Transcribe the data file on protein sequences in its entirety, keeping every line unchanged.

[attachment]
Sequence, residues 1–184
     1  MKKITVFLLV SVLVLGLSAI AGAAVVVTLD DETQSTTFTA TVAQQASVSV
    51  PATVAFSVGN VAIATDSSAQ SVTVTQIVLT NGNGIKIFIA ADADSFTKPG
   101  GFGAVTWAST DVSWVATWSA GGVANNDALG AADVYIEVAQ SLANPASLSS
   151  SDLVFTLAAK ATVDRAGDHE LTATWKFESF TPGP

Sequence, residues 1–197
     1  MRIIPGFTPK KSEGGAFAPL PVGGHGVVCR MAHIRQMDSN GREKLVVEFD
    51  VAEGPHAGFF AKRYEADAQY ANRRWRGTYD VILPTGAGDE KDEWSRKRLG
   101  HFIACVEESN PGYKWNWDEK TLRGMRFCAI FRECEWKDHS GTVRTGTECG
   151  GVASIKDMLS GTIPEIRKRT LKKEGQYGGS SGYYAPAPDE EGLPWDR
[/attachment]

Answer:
Sequence, residues 1–184
     1  MKKITVFLLV SVLVLGLSAI AGAAVVVTLD DETQSTTFTA TVAQQASVSV
    51  PATVAFSVGN VAIATDSSAQ SVTVTQIVLT NGNGIKIFIA ADADSFTKPG
   101  GFGAVTWAST DVSWVATWSA GGVANNDALG AADVYIEVAQ SLANPASLSS
   151  SDLVFTLAAK ATVDRAGDHE LTATWKFESF TPGP

Sequence, residues 1–197
     1  MRIIPGFTPK KSEGGAFAPL PVGGHGVVCR MAHIRQMDSN GREKLVVEFD
    51  VAEGPHAGFF AKRYEADAQY ANRRWRGTYD VILPTGAGDE KDEWSRKRLG
   101  HFIACVEESN PGYKWNWDEK TLRGMRFCAI FRECEWKDHS GTVRTGTECG
   151  GVASIKDMLS GTIPEIRKRT LKKEGQYGGS SGYYAPAPDE EGLPWDR